Kenyan police nab muslim student on way to join Islamic State

Published: February 19, 2016

Kenya’s security officers said Thursday they are interrogating a university student who was arrested while trying to travel to Libya to join Islamic State of Iraq and Syria (ISIS) terror group.

The anti-terrorism police officers said Hassanein Ahmed Basty, a Kenyan, had just completed his first year studying biochemistry at the University of Nairobi when he was arrested on Tuesday while travelling to join the extremist group in Libya.
The anti-terrorist police said they have unearthed a syndicate of extremist online recruiters who have been targeting university students to join armed extremist groups in Libya and the Middle East.
“The recruiters lure these youths with the promise of well-paying jobs in foreign countries only for the hapless youth to find themselves forcefully recruited into these extremist groups,” the police said.
Security experts say Kenya has been a soft target for terrorist activities since 1998 and the menace has evolved as radical groups from the Horn of Africa infiltrate the country to kill and maim innocent civilians.
They said what has changed and is noticeable for it is the increase in vigilance by the general public and the fact that if they see something that they consider to be suspicious, they are more likely to report it to the police than they were.
The police, on their side, the experts said, are becoming more professional in their assessment of potential incidents.
The police said investigations have established that Basty in early 2015 was lured by an online recruiter who promised him a job as a phlebotomist (trained people who draw blood from patients) with his starting salary as 2,000 U.S. dollars which would eventually increase to 10,000 dollars which he applied.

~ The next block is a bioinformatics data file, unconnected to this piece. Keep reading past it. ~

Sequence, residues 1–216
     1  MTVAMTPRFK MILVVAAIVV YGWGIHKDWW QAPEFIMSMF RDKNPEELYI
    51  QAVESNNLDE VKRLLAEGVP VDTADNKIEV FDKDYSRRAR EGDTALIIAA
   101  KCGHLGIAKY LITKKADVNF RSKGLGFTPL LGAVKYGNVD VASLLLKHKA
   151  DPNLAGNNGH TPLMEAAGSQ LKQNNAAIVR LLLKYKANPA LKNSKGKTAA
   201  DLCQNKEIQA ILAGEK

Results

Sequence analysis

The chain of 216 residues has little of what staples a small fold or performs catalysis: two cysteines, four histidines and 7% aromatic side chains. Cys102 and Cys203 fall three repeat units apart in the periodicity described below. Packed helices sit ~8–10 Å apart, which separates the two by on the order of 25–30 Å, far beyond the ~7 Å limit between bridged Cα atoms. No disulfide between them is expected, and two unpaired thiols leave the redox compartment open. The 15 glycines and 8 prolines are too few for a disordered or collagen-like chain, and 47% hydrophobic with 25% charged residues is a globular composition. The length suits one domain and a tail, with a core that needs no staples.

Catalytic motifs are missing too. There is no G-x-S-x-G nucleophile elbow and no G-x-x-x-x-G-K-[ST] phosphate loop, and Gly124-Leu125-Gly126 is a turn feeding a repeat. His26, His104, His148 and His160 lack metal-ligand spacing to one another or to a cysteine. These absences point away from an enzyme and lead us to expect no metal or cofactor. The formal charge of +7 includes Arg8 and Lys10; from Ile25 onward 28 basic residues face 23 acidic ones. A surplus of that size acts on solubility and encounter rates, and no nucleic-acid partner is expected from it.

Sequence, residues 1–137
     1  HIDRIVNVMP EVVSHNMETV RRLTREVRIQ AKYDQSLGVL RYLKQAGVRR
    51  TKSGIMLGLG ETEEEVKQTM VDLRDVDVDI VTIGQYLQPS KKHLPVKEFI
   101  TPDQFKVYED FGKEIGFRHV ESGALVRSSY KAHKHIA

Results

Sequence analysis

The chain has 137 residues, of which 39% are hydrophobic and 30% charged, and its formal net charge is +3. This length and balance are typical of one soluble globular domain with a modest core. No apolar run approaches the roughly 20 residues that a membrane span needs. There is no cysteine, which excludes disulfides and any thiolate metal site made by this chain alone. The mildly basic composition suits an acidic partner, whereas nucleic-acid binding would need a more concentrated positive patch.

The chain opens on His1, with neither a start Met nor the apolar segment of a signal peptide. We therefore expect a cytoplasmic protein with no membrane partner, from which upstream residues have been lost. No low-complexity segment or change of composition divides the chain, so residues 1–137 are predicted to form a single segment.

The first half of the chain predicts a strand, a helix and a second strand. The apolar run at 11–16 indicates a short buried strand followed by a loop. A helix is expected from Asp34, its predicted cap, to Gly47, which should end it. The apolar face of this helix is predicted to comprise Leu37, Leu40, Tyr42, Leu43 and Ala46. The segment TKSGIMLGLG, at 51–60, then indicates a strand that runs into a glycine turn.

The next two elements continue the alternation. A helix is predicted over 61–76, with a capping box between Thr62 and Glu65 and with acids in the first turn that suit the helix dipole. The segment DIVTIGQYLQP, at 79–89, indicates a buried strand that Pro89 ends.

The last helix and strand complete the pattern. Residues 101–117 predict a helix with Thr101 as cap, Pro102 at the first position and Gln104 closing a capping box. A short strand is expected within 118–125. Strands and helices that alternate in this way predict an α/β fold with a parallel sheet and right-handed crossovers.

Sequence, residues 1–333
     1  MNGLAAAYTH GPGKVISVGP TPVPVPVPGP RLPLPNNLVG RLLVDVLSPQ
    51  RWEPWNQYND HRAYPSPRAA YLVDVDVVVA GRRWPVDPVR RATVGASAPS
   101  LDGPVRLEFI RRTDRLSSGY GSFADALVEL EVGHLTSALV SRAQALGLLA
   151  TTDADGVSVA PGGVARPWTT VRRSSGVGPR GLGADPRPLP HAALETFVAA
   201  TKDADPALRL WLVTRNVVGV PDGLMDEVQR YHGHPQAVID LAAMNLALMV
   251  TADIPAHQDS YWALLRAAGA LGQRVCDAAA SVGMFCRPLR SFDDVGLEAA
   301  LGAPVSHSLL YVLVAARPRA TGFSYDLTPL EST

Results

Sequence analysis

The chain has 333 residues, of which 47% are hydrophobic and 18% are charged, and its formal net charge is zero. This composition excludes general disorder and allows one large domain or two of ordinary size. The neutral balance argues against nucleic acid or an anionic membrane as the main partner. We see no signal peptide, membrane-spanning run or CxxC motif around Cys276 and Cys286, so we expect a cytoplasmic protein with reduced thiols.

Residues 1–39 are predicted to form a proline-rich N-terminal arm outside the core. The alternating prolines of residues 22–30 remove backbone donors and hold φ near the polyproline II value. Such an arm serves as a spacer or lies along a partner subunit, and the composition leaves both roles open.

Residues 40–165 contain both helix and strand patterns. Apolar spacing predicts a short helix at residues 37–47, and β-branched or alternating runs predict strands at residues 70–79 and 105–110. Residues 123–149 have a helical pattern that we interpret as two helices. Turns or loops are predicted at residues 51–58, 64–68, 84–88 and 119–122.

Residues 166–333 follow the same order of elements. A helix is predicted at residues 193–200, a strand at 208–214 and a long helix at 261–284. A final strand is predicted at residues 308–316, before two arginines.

“He was notified in October 2015 that his application had been successful and thereby decided to take up the job offer,” the police said.
According to investigators, the young man had used part of his university fees given by his parent to buy his ticket to Sudan, which is one of the transit routes to the war-torn country of Libya but was arrested before he accomplished his mission.
The latest arrest comes amid an upsurge of university students dropping out of college to join extremist groups in Libya and the Middle East, often without their parents’ knowledge.
Police are appealing on parents to regularly be in touch with their children in institutions of higher learning so as to deter these recruitments.
Police are still continuing with investigations on the syndicate to establish local collaborators, the police said.
It has long been feared that ISIS could ally with Somali terror group Al-Shabaab, which has been tied to Al-Qaida network.
Experts had predicted that as Al-Qaida fades and the Islamic State rises, ISIS might look like a better partner for the Somali militants. ISIS early this year accepted an oath of fealty from Boko Haram in Nigeria.

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